You’re the man. Cheers.

Sincerely,
Craig

1 Like

Hi @cjd9s,

Some initial thoughts:

You should be able to import as

import "@openzeppelin/contracts/presets/ERC1155PresetMinterPauser.sol";

Do you need the candidate name on-chain? Could you have candidate metadata offchain?

You could split the Election contract into voting tokens, candidate contracts and an election contract.

If there are rules about who you can vote for, then the candidate contracts could implement IERC1155Receiver and reject transfers which didn’t match the conditions.

You should assume that a dapp (and anything interacting with the smart contract directly) will call safeTransferFrom rather than vote. If you need to enforce any logic (such as only voting for a specific office, or not transferring votes to someone else to vote on your behalf), then you can use the _beforeTokenTransfer hook.

I would look to see if you need all the for loops. At some point the number of offices and candidates could result in running out of gas. You could do the equivalent loops off chain and call a transaction to set each winner which overrides the current winner if they have more votes.


I suggest getting opinions from different people on your design. Interested to hear what other people might think.

If you want more feedback, I suggest creating a new topic.

Ideally you won’t get to that situation.

You could look at breaking up your functionality into multiple contracts and/or libraries (a potential breakdown above). You could also consider what could be done off chain. e.g. remove the for loops.

Hi Andrew (@abcoathup),

I trust that you are well.

As always, your help is appreciated and extremley valuable. As I’ve said before, if you ever have something else to do, don’t hesitate to tell me to get lost. I know I’ve already taken a lot of your time. Until then, I’m going to keep coming back with questions.

I have removed the candidate name from the contract. However, after some consideration, I’m concerned that relying on the Ethereum address or position (i.e. officeId and array index) in the officeToCandidate mapping (uint => Candidate) as the unique identifier could be problematic. What if the overlying JavaScript application is somehow compromised such that candidate’s Ethereum addresses are switched (i.e. people think they’re voting for candidate A, but they’re actually voting for candidate B)? Would that be a good argument for having some sort of personally identifying information written into the blockchain?

Splitting into more tightly defined contracts sounds like a good idea. Would the primary reason for that be organizational? Or are there functional reasons (beyond contract size) why splitting would be helpful? Even if it was organziational, I like the idea. How to actually implement multiple contracts and how they interact is something with which I need to gain a better understanding.

I printed out IER165, ERC165, IERC1155Receiver, and ERC1155Receiver to try to understand exactly how they work. As IERC1155Received is an interface contract and ERC1155Receiver is an abstract contract, I would, as you say, have to implement the functions (onERC1155Received and onERC1155BatchReceived). So, again as you say, I would code (into a child contract) whatever the rules are for who a voter can vote for like you can only use a ‘president’ vote to vote for a presidential candidate. I think I understand this. Although, reading ahead, you talk about logic related to voting for a specific office in the _beforeTokenTransfer hook. What would be the difference in logic implemented in IERC1155Receiver and _beforeTokenTransfer?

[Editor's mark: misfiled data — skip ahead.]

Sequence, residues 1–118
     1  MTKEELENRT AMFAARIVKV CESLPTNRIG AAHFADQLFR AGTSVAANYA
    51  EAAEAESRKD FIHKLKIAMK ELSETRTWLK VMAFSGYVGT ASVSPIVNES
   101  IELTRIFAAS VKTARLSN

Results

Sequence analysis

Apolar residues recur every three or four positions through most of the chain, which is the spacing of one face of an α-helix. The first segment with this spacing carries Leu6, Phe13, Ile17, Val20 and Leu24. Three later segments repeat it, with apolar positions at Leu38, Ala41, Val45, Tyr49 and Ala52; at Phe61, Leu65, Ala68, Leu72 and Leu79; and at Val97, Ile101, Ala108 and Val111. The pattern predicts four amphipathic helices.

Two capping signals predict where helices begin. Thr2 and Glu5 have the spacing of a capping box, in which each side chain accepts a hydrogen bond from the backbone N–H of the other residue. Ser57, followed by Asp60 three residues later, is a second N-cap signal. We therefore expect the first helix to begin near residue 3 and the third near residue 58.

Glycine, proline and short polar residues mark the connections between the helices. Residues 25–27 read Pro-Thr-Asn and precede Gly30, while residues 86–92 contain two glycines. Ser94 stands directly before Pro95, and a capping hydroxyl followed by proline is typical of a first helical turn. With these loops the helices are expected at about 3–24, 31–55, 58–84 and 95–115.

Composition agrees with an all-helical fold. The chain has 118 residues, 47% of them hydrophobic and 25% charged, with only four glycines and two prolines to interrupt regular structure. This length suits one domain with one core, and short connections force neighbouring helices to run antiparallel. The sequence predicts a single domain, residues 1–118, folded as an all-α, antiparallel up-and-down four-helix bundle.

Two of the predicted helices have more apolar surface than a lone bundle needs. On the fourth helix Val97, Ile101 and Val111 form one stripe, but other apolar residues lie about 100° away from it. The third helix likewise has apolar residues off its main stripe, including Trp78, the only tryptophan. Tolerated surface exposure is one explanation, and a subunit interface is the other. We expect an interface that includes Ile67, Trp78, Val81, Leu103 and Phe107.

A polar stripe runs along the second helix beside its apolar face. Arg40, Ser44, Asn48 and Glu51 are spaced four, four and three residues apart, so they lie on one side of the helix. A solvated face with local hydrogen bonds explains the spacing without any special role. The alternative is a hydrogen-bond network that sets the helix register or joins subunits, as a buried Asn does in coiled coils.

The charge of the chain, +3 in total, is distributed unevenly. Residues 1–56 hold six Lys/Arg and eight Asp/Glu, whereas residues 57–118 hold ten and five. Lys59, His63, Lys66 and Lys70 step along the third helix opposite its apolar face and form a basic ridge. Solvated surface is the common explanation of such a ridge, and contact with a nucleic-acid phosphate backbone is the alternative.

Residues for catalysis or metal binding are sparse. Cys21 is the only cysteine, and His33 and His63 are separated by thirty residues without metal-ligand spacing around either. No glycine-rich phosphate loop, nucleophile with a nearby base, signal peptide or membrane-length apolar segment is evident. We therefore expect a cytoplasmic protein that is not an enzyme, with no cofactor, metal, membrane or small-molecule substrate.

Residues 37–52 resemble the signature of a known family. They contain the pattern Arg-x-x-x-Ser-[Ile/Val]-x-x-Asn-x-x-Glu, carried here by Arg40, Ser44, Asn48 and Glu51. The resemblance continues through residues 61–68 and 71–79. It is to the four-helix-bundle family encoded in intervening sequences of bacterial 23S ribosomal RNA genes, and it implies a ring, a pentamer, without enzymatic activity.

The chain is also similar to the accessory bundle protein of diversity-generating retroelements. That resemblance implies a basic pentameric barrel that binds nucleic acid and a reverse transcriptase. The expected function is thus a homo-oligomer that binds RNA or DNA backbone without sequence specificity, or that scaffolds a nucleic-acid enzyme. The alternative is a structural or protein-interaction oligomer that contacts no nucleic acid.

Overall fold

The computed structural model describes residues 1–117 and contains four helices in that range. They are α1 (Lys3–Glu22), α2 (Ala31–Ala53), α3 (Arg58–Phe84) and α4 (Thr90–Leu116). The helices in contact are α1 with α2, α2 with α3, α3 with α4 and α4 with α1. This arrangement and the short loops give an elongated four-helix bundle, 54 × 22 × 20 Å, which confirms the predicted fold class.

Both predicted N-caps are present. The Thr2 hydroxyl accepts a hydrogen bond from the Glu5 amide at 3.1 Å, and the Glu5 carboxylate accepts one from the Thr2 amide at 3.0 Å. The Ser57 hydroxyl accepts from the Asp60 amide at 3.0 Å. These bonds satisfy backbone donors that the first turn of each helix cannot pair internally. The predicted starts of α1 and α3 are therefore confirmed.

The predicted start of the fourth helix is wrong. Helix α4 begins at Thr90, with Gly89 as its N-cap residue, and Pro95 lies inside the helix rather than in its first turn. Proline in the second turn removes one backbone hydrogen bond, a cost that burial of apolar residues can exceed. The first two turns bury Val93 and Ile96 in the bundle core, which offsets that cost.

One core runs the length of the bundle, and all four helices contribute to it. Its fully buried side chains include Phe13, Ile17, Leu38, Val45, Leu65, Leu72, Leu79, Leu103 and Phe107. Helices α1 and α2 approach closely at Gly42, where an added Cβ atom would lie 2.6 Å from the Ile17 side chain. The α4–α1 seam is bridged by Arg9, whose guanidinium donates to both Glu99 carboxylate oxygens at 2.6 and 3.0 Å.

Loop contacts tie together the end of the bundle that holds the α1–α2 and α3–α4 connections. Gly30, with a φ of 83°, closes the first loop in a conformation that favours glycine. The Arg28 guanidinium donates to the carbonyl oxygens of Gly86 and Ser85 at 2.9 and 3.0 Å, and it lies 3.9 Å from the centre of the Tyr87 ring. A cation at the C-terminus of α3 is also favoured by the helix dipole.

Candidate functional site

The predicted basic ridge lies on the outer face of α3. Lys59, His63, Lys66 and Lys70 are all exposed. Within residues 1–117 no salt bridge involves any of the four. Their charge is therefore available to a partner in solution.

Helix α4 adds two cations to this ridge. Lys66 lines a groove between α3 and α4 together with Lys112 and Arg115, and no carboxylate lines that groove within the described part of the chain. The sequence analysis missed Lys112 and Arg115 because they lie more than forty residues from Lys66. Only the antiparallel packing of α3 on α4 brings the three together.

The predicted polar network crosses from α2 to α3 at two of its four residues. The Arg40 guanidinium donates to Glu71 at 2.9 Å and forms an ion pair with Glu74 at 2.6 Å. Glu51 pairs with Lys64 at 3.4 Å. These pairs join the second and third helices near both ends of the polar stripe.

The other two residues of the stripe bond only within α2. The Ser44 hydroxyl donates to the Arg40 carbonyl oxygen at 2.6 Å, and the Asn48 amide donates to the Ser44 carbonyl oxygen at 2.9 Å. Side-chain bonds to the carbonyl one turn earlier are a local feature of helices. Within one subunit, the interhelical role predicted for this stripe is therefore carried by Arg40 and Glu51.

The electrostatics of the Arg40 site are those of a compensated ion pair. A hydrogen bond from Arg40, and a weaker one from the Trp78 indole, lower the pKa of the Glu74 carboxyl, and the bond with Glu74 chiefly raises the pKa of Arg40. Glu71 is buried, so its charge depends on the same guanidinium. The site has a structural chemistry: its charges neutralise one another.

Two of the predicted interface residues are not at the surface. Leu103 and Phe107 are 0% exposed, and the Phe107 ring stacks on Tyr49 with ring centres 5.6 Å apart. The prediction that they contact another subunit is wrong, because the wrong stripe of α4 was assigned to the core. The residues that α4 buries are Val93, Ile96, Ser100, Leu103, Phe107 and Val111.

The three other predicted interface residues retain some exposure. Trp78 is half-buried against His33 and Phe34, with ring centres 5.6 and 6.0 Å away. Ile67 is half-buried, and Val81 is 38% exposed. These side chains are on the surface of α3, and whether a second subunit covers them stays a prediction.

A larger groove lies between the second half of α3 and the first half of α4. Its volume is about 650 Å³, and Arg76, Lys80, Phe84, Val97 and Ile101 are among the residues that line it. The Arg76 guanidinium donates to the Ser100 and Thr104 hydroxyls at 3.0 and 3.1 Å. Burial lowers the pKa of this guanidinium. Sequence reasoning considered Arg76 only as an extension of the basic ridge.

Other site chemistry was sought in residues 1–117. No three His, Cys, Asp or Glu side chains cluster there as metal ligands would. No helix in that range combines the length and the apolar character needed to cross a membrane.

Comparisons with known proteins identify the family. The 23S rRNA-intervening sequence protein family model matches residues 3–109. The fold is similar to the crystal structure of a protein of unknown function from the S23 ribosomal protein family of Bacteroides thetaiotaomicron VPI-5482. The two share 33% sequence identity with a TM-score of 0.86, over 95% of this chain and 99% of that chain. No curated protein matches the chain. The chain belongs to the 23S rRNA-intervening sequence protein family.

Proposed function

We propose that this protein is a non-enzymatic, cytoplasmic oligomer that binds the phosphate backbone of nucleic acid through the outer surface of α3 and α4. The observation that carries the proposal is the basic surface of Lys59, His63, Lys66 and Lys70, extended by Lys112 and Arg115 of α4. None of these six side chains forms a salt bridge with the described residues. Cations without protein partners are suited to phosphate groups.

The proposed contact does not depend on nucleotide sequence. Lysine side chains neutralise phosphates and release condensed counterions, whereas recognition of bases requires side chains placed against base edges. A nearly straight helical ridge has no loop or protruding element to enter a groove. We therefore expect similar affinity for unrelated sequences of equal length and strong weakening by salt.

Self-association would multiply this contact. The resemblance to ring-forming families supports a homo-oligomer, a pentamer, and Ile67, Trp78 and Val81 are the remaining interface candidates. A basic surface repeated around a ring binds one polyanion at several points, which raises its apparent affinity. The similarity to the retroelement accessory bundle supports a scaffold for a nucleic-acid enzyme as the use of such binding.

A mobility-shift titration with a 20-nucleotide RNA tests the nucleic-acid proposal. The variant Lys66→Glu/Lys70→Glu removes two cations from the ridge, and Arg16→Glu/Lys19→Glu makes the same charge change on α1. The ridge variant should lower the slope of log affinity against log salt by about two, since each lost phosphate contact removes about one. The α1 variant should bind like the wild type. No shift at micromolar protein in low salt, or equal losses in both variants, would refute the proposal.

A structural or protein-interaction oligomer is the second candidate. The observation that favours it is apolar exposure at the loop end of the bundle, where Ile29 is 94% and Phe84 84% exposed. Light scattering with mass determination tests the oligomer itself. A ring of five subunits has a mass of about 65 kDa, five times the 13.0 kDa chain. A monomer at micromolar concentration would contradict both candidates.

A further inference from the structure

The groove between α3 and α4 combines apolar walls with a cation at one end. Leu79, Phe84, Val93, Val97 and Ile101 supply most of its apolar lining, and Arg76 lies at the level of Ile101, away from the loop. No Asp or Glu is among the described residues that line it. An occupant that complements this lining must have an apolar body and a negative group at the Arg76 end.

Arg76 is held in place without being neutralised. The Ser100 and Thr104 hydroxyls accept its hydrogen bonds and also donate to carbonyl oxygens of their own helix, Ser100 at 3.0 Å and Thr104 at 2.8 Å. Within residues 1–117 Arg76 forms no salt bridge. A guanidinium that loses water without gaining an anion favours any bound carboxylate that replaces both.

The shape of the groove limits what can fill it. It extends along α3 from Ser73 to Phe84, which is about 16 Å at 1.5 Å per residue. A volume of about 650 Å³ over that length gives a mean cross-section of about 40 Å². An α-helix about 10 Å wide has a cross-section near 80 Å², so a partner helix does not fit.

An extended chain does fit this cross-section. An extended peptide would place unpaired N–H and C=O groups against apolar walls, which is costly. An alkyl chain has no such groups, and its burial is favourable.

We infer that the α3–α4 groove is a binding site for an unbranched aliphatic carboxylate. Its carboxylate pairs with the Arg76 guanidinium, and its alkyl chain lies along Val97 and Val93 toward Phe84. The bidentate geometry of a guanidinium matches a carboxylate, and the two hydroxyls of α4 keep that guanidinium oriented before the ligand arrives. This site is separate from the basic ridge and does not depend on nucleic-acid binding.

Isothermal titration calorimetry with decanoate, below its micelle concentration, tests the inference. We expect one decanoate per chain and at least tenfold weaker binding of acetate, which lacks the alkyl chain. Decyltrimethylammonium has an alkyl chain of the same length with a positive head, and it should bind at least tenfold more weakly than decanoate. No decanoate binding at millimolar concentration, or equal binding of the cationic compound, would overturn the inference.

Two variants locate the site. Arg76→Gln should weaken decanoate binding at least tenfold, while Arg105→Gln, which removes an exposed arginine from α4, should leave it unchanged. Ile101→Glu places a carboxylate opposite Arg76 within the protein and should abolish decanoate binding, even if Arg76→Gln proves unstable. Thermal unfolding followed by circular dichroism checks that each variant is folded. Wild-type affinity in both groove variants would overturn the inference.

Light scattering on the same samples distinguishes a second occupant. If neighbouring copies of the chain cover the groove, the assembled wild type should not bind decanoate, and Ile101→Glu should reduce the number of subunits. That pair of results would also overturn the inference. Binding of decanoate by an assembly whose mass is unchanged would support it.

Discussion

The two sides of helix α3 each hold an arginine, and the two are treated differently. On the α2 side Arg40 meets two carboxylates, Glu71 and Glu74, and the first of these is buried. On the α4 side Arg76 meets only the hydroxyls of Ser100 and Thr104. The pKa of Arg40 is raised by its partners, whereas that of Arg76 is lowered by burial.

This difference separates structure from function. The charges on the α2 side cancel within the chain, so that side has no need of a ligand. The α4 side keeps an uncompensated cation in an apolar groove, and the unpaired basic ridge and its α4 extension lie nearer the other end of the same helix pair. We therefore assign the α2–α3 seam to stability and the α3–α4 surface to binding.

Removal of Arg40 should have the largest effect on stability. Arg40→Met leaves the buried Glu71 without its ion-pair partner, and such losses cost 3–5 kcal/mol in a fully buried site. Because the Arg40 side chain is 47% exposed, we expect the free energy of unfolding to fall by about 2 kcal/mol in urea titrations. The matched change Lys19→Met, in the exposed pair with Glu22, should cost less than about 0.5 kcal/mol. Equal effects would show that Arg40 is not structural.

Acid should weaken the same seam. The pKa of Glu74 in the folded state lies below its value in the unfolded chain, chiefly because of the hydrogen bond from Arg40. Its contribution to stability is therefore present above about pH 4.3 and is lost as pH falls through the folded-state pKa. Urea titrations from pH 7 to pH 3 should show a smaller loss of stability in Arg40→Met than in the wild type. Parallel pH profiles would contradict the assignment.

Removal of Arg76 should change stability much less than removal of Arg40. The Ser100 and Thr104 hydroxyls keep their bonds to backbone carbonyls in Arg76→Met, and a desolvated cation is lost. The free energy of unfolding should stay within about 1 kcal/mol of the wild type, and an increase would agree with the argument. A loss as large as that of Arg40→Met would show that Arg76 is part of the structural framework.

I understand that I need to use safeTransferFrom instead of vote. In _beforeTokenTransfer, I could check the officeToCandidateToBool mapping (uint => mapping (address => bool)) to ensure that the address to which the voter wants to send the token is actually a candidate for that office. I’d also like to ensure that the contract hasn’t been paused and that the contract is in the correct state. Unfortunately, I don’t define the officeToCandidateToBool mapping
and inState modifier until the most derived election contract. And isPaused, located in the Pausable contract, is not inherited by the ERC1155 contract where _beforeTokenTransfer is found. Should I just move these things up the inheritance hierarchy so that they’re available to ERC1155? Or are there other things to consider?

Going back to the ERC1155Receiver contract, there was something to which I couldn’t find an answer using Google. In that abstract contract, the constructor is defined. It seems to, well, I’m not sure what it’s doing. The _registerInterface function is invoked which changes the boolean to true for a particular bytes value that represents a particular interface. However, the argument for that function uses ‘ERC1155Receiver(0)’. What does that mean?

Also, I understand that the remainder of the line means that it takes the ABI function selectors (first four bytes of the call data for a function call which specifies that function) of the two functions from the IERC1155Receiver interface contract and XORs them together. What is the purpose of XORing the two function selectors together? Why not just assign a bytes value as is done in the ERC165 contract (bytes4 private constant _INTERFACE_ID_ERC165 = 0x01ffc9a7)?

abstract contract ERC1155Receiver is ERC165, IERC1155Receiver {
constructor() {
_registerInterface(
ERC1155Receiver(0).onERC1155Received.selector ^
ERC1155Receiver(0).onERC1155BatchReceived.selector